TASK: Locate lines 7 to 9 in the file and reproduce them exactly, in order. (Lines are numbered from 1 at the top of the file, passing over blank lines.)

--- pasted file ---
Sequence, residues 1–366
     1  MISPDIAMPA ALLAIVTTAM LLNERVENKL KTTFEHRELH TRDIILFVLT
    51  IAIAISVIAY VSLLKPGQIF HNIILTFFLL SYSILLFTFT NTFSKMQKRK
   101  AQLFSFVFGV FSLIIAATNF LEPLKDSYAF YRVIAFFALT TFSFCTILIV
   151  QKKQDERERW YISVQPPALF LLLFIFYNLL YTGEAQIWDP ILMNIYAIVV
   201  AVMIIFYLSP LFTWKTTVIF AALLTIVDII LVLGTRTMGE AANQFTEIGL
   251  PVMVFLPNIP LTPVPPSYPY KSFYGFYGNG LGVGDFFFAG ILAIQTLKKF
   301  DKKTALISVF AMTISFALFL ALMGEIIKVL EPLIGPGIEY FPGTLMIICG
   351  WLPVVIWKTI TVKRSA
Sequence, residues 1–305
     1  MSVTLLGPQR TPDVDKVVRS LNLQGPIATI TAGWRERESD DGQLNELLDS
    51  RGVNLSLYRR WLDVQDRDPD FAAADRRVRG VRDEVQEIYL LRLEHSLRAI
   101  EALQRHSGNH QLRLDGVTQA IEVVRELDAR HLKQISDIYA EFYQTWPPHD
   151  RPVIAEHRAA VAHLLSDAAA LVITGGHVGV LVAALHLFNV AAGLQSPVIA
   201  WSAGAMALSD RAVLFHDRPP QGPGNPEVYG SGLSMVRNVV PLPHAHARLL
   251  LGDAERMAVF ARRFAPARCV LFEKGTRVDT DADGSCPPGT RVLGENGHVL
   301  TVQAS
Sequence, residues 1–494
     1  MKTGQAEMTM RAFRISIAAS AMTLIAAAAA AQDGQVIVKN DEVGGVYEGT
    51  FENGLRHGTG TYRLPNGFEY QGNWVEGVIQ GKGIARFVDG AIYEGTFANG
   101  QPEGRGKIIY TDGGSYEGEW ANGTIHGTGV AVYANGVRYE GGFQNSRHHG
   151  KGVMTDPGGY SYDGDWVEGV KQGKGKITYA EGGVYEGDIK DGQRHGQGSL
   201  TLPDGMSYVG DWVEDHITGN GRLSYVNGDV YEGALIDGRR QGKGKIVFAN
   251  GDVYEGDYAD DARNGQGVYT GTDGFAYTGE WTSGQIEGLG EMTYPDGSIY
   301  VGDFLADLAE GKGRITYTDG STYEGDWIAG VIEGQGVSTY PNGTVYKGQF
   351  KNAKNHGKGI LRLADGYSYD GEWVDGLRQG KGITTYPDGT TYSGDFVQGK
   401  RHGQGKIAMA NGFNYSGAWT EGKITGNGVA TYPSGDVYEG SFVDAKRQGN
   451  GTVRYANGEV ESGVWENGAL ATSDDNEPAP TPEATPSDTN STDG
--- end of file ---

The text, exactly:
   251  PVMVFLPNIP LTPVPPSYPY KSFYGFYGNG LGVGDFFFAG ILAIQTLKKF
   301  DKKTALISVF AMTISFALFL ALMGEIIKVL EPLIGPGIEY FPGTLMIICG
   351  WLPVVIWKTI TVKRSA